Photo of Douglas Black
A. Douglas "Doug" Black, B.A., M.S.Ed.
(386) 262-5663

  • Bachelor of Arts, Southern Adventist University, major field: religion, minor field: history, secondary education certification
  • Master of Science, California State University, East Bay (Hayward), education, with online teaching and learning specialty, 4.0 GPA. My thesis was entitled “Teaching and Learning in the Home School”.
  • Tandy Corporation/Radio Shack™: computer department manager. Top store in Los Angeles region 5 times. Member: Leader’s Club
  • ComputerLand™: education sales specialist. Collaborated with the Palmdale (CA) School District to implement and install networked IBM™ PCs in computer labs district-wide. I also taught classes to the public at ComputerLand™.
  • Credentialed, experienced teacher. I have taught every level from second-grade through college, and am still in touch with many of my former students.
  • Grades 7 & 8 homeroom at Antelope Valley Junior Academy in Lancaster, CA. I taught math, religion, computer science, social studies, natural science, and language arts, as well as high-school algebra I and algebra II.
  • Associate professor at Kettering College in Kettering, OH. I taught Microsoft Office™ applications and served as Coordinator of Instructional Technology.
  • Instructional Technologist and Faculty Development Coordinator at Palmer College of Chiropractic’s Florida campus in Port Orange, FL.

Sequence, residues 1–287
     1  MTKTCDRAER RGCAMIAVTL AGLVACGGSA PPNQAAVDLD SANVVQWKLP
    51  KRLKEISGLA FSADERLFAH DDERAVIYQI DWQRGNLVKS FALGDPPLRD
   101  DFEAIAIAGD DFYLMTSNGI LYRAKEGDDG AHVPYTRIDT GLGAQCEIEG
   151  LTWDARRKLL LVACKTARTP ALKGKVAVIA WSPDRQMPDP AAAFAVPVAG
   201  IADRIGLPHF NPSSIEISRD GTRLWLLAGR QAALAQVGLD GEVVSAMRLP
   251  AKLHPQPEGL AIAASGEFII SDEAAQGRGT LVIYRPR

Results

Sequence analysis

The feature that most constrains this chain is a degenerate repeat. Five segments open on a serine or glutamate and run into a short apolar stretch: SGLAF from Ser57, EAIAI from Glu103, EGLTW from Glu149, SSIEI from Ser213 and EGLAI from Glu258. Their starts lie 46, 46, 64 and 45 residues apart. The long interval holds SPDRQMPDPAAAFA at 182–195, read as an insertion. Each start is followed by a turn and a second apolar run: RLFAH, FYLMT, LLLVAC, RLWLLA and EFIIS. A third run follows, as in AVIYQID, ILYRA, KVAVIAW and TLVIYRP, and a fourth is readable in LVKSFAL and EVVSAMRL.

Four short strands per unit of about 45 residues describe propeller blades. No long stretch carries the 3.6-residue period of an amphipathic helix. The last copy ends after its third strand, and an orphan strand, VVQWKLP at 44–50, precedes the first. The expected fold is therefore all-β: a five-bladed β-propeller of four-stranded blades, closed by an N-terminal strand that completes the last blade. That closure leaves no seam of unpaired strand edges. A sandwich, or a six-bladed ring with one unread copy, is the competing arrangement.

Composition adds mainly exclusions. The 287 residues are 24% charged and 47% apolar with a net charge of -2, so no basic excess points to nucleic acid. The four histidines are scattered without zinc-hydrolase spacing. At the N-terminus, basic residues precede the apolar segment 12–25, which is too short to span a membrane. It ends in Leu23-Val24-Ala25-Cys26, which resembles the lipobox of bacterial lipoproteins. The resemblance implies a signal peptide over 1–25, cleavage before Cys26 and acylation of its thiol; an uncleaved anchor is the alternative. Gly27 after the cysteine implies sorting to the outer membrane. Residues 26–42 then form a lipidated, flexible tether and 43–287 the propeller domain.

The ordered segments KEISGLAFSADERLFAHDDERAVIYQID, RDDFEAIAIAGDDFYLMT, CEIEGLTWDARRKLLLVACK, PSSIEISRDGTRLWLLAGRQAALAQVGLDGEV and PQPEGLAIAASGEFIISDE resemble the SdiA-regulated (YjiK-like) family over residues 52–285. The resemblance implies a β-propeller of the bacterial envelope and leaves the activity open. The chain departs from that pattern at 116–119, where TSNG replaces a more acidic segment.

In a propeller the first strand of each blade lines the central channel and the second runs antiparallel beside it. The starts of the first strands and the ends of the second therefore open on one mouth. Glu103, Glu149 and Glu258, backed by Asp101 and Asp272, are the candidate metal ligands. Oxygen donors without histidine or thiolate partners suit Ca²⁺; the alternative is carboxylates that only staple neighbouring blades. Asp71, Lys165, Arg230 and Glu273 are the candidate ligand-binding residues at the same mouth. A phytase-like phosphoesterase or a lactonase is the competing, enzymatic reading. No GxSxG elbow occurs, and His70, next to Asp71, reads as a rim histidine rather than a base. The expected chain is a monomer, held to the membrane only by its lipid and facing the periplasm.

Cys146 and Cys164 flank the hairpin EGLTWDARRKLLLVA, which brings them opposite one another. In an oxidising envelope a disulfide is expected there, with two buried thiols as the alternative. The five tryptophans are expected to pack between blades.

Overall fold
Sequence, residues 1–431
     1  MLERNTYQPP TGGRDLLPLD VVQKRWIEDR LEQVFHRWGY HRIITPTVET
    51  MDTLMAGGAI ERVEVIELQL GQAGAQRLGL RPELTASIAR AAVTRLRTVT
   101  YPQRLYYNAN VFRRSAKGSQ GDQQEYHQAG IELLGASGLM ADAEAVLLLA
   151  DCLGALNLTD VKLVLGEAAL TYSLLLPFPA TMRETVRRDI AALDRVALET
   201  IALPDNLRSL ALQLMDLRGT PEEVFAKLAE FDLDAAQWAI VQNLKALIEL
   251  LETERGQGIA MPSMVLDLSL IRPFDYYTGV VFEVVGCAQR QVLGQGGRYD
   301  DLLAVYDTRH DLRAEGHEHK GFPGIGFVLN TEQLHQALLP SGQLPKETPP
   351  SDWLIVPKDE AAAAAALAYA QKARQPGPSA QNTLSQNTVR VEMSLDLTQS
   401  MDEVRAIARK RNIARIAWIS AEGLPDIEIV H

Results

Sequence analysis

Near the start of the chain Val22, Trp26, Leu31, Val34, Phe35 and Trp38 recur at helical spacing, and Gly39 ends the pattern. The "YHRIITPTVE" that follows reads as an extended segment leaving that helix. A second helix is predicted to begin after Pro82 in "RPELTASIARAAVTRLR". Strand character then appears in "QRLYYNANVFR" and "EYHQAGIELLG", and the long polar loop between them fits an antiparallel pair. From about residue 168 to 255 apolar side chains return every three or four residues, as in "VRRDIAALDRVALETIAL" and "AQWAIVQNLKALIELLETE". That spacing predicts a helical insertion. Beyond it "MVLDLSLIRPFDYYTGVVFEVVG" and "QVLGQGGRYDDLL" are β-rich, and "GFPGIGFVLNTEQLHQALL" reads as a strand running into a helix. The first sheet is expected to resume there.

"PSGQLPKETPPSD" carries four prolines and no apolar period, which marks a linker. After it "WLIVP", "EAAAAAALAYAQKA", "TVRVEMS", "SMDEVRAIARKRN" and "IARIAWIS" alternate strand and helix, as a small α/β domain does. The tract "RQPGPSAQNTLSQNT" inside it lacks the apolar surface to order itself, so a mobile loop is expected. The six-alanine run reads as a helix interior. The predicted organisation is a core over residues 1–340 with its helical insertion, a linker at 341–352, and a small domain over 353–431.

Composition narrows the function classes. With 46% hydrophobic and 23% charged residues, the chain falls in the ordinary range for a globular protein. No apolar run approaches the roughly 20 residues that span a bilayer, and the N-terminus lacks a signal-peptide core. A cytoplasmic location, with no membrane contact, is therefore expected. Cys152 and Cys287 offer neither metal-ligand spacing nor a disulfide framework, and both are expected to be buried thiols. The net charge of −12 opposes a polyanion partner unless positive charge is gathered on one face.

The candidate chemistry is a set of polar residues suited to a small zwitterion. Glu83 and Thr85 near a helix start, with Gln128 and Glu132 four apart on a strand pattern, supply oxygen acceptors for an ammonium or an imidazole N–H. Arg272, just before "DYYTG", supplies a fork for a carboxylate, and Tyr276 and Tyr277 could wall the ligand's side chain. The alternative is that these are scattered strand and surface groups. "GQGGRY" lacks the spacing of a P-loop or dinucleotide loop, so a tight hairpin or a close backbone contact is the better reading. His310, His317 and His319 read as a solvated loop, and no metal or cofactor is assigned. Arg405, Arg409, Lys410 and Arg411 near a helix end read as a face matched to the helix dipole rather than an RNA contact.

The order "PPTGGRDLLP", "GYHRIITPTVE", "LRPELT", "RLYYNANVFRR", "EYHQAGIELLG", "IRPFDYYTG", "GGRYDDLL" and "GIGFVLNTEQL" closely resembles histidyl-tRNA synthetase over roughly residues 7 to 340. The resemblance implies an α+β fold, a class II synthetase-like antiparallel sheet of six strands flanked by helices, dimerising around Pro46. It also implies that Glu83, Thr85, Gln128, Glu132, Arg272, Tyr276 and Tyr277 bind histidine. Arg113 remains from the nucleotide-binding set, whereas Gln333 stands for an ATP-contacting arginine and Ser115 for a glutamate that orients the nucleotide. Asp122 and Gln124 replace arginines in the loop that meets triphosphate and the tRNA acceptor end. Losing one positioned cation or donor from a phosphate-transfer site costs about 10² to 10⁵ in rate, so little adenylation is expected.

Although his inspiration was likely Confucian philosopher Xunzi, Benjamin Franklin is sometimes credited with saying:
    “Tell me and I forget, teach me and I may remember, involve me and I learn.”

    A teacher’s prime objective should not be to merely give knowledge to the learner, but rather to help them discover it. This approach encourages active learning for long-term benefit and promotes responsibility for, and ownership of that learning. Every student learns a little differently and this needs to be considered and adjusted for in every situation. One of the biggest obstacles to learning is often the student’s motivation. The best motivation for anything is internal rather than external, and if she or he doesn’t want to learn or sees no value in learning, then the learner must find a way to create motivation within. No one can do it for them, but I can usually help with this. Of course, there are many other things that can interfere with effective learning, and I will gladly assist in minimizing these obstacles if possible.